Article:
Sat. Apr 20th, 2024

The pillars of well-protected bridges in Quebec

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A container ship entered collided with one of the pillars of the Francis Scott Key Bridge in Baltimore overnight Monday to Tuesday, causing the structure to collapse.

Radio-Canada

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The collapse of Francis Scott Key Bridge, in Baltimore, which occurred after a container ship hit a pillar of the structure during the night from Monday to Tuesday, is unlikely to occur in Quebec where the bridges are well protected, according to specialists consulted by Radio-Canada.

In the province, freight ships cross half a dozen bridges between the cities of Quebec and Montreal. However, their pillars are protected, whether through riprap or bollards designed to avoid the catastrophic consequences of a collision as destructive as the one in Baltimore.

It struck me when looking at the images of Baltimore, the few structures to protect the pillars of the bridge. That the bow of the ship could come into direct contact with the pillar was what surprised me the most. The bridge did not seem adequately protected, says the president of the Corporation of Saint-Laurent Central Pilots, Pascal Desrochers, in an interview with ICI RDI.

The latter points out that the bridge most similar to that of Baltimore is the Laviolette bridge, between Trois-Rivières and Bécancour. Both are steel arch bridges.

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A complete riprap of the Laviolette Bridge is unnecessary, because a drifting vessel would run aground before hitting the ends of the bridge, due to the shallow depth of the water at this location.

In the 1970s, studies identified it as a very fragile structure. […] On the other hand, the pillars of the bridge were filled with rock in the 1980s to avoid collisions with ships.

A quote from Pascal Desrochers, president of the Corporation of Pilots of the Saint-Laurent Central

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In Quebec, the pillars of the bridges are on the shore, very far from the channel of navigation, while in Montreal, ships circulate in the seaway and therefore cannot deviate from their trajectory. Approximately 6,000 vessels transit the St. Lawrence River each year in the Central St. Lawrence Pilot Area.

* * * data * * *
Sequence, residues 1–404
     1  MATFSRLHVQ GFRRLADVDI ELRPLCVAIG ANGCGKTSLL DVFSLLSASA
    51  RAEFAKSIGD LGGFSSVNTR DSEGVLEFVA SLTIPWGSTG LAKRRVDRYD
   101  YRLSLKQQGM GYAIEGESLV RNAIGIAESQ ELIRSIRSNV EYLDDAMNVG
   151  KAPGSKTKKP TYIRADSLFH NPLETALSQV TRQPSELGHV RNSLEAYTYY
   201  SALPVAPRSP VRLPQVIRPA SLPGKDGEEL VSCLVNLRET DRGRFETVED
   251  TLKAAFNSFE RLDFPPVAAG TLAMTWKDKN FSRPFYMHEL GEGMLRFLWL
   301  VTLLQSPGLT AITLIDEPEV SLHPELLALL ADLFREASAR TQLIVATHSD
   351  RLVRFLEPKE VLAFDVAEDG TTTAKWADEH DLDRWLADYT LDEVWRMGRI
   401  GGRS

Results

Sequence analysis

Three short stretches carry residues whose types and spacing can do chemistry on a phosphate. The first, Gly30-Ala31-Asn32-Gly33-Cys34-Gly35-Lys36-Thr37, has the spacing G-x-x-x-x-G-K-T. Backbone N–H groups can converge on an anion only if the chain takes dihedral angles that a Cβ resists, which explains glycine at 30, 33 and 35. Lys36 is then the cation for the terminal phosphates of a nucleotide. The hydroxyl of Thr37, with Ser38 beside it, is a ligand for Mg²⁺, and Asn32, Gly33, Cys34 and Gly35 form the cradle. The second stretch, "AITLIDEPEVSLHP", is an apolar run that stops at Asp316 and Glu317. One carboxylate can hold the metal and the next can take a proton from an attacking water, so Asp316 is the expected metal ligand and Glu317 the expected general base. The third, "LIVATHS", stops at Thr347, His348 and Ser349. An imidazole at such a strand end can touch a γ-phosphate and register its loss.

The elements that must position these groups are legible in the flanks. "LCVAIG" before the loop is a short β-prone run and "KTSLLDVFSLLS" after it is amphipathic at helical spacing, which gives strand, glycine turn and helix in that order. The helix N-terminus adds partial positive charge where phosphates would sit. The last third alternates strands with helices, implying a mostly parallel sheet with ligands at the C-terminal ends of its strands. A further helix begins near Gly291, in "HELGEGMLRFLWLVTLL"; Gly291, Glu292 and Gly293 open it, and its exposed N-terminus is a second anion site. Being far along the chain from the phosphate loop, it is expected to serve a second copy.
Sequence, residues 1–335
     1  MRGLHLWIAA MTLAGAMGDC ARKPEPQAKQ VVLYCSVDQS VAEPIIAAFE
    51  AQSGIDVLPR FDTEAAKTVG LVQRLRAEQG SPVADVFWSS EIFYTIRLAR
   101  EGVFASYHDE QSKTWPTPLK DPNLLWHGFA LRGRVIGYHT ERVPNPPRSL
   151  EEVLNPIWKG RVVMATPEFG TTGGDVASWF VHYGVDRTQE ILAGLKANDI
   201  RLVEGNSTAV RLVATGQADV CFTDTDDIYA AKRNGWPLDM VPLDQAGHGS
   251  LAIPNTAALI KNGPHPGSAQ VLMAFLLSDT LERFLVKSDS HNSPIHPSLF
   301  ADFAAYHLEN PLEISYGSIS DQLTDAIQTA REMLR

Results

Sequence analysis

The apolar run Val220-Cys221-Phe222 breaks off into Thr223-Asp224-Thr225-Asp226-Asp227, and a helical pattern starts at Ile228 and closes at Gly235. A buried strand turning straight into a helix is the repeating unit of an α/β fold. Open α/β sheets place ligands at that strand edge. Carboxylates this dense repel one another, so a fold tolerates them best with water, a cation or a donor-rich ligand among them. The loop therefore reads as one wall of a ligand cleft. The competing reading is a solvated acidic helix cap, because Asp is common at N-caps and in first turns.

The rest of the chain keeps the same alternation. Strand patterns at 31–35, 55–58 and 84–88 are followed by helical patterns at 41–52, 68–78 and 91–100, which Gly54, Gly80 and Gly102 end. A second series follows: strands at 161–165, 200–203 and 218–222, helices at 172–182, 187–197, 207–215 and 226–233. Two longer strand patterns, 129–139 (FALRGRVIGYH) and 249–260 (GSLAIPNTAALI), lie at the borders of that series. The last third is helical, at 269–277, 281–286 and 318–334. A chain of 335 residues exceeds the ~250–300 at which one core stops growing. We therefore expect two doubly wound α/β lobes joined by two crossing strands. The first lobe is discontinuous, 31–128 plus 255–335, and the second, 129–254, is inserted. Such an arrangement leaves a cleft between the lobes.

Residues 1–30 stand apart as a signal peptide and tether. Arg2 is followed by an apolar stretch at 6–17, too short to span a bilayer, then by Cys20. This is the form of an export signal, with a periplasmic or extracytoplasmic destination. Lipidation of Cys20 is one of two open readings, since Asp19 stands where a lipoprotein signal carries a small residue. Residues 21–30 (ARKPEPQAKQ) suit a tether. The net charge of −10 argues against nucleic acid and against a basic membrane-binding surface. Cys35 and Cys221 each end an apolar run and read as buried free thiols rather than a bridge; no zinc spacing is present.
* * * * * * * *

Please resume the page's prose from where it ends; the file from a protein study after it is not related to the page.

Only the Jacques-Cartier Bridge, between Montreal and Longueuil, is an exception, but the volume of the pillars, the reduced navigation speeds (around 6 knots) and the more modest size of the ships mean that the impact force does not ;would have no common measure with what happened in Baltimore, according to Pascal Desrochers.

Furthermore, around the only pillar of the Jacques-Cartier Bridge submerged in water, the depth of the river is relatively shallow and a large ship would likely run aground before hitting the pillar.

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In the Jacques-Cartier Bridge sector, reduced navigation speeds, in particular, would reduce the force of impact.

The container ship Dali, which collided with Baltimore's Francis Scott Key Bridge at 1:30 a.m. Monday night, measured 1,000 feet long, 150 feet wide, and could carry up to 16,000 tons of cargo.

Bruno Massicotte, professor in the Department of Civil, Geological and Mining Engineering at Polytechnique Montréal, also notes that the Baltimore bridge seemed to lack protection around its pillars. In an interview, he emphasizes that in Canada as in the United States, federal laws govern maritime requirements. Afterwards, he adds, it is up to the owner of the bridge to meet these requirements.

Why the riprap was not done on a route as busy as the Baltimore Bridge? This is a good question, added the professor, mentioning that, according to him, it is a problem of prevention which has not been taken strictly enough.

At the time of publishing, six people were missing in the Patapsco River which runs alongside the Maryland metropolis.

With information from Mathieu Papillon and Éric Plouffe

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